How can water change state?
Water can change state by gaining or losing energy.
If gaseous water loses energy (heat), the kinetic energy or speed of the molecules slow down. When the temperature of the water molecules reaches 100º C, temporary bonds caused by inter-molecular attraction can form. This attraction between water molecules join the molecules loosely together and they become a liquid.
The reverse is also true. When liquid water reaches 100º C, the temporary bonds between the molecules break apart from each other and become gaseous molecules.
Water does not have to be at 100º C to become a gas, however. Individual molecules can break the bonds that make them a liquid and enter the air at any temperature above 0º C. This is called evaporation. More Information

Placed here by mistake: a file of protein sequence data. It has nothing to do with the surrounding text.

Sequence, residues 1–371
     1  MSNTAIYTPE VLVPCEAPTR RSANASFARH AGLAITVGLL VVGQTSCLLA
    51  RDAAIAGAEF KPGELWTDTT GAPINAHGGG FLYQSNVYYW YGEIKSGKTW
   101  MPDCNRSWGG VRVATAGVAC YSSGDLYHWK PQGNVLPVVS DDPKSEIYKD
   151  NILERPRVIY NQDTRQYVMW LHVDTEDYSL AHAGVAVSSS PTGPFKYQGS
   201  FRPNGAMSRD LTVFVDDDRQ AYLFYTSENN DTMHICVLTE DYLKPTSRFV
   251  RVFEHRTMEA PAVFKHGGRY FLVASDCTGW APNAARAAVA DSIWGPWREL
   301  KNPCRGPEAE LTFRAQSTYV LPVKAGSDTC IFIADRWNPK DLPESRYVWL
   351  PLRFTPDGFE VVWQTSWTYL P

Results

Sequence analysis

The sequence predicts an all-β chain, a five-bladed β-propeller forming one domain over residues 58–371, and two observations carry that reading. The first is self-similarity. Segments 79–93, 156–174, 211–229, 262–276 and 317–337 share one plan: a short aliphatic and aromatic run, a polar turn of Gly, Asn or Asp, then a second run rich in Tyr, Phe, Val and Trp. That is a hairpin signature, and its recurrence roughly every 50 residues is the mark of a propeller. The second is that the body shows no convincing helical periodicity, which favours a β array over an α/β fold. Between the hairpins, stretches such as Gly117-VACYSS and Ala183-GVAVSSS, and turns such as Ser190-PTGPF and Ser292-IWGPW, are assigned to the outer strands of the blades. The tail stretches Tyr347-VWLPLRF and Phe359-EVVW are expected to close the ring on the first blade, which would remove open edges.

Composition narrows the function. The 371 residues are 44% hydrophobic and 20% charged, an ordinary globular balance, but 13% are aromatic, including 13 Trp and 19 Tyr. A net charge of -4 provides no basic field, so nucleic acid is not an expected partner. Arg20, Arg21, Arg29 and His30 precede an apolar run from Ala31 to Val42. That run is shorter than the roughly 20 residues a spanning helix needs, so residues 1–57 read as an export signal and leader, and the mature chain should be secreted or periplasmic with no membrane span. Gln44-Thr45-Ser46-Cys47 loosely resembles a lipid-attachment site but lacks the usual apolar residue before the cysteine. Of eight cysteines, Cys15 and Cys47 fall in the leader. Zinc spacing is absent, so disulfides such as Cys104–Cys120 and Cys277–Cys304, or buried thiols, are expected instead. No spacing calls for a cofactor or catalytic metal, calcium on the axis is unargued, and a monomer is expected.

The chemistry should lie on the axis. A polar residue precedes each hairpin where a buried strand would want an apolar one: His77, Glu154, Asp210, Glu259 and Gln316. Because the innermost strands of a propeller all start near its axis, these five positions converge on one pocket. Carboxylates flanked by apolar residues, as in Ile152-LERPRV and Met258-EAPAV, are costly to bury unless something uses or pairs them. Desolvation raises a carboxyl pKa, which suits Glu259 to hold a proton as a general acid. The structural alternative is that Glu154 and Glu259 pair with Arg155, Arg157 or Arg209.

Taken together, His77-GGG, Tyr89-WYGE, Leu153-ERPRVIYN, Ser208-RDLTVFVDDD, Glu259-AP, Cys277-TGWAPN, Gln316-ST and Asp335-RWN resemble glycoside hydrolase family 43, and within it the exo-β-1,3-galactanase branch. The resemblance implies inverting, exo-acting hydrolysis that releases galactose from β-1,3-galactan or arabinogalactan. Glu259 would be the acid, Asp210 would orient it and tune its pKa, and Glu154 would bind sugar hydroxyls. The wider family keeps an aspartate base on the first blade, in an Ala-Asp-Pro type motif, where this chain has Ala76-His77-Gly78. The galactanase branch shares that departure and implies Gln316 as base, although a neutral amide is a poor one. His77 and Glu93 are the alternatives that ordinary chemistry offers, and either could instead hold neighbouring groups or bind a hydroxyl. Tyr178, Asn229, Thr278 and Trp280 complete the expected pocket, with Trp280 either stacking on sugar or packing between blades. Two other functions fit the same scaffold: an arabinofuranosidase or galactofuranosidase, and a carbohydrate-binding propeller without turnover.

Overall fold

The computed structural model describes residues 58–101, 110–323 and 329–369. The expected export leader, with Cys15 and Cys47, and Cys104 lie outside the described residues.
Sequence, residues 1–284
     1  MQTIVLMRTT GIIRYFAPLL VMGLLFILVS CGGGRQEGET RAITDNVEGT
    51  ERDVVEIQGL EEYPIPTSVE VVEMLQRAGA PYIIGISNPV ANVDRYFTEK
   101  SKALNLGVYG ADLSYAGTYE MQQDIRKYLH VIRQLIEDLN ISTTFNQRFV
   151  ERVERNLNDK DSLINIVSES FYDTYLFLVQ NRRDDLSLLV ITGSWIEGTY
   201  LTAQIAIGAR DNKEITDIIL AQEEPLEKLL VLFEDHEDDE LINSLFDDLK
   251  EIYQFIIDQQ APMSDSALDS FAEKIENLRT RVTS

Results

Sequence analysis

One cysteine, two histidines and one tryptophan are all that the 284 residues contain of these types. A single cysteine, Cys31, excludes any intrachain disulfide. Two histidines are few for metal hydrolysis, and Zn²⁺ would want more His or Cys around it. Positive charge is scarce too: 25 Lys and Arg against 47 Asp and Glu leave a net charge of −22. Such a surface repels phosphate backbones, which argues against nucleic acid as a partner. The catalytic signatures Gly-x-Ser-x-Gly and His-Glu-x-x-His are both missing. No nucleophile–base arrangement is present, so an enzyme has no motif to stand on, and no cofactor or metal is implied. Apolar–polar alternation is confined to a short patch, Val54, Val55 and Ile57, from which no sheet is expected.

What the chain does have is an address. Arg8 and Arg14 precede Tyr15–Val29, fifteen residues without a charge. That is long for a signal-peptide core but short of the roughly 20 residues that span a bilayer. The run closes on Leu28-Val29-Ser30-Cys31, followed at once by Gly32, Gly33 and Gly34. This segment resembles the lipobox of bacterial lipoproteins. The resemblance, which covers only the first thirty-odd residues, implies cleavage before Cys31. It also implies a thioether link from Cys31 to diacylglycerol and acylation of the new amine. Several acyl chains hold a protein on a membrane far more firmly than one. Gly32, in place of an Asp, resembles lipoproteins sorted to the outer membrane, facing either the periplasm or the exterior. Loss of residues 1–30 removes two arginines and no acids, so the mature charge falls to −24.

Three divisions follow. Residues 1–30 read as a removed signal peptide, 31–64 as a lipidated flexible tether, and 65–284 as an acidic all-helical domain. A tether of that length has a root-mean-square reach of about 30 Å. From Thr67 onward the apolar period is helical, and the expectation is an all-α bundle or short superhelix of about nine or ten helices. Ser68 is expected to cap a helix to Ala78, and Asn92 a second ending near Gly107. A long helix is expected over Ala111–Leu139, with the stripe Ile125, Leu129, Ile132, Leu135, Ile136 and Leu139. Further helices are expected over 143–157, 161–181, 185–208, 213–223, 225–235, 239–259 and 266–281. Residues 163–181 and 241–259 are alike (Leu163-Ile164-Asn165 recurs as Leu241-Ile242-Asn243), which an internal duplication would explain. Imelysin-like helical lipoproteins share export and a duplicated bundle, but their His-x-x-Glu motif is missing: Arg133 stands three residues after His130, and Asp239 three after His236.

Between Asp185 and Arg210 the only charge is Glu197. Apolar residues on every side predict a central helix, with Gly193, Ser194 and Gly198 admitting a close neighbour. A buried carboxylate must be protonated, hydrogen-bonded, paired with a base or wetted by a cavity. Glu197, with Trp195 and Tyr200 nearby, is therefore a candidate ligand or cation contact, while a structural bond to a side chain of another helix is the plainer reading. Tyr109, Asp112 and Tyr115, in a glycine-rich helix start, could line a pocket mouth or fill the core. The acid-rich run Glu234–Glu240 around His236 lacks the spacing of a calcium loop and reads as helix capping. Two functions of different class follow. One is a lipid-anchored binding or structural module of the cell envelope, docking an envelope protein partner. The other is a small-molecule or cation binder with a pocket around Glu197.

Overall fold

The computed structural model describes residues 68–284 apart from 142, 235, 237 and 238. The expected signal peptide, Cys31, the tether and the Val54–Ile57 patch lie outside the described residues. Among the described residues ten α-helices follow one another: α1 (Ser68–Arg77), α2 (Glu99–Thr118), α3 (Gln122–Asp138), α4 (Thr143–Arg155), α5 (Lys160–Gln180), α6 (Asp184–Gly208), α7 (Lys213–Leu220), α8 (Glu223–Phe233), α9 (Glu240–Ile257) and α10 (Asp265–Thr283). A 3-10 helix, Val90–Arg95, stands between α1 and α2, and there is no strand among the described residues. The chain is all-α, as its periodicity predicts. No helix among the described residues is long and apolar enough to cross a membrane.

Liquid water turns into solid water at 0º C. As the molecules lose more energy, more of the temporary bonds between the molecules form. When a group of six water molecules are joined by hydrogen bonds ( the attraction between molecules) they form an ice crystal. Below 0º C, of the water molecules have been joined together to form a solid.
The reverse is also true. At 0º C, the bonds are broken. As more energy is added, the bonds of intermolecular attraction are broken faster than they are formed and the ice crystals break apart. The ice turns into liquid water.